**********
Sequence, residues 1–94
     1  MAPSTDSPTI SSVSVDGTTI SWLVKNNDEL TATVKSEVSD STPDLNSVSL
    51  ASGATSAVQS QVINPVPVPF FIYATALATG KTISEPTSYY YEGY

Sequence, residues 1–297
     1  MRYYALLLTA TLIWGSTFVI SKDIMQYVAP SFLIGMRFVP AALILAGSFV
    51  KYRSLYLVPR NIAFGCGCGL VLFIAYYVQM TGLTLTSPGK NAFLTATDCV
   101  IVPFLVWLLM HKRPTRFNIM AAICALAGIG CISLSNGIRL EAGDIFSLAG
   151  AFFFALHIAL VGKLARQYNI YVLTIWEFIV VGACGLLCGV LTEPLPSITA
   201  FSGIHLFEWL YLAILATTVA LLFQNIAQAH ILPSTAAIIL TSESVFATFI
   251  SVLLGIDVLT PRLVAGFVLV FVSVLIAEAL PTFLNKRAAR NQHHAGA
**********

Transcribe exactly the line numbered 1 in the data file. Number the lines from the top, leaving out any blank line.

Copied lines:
Sequence, residues 1–94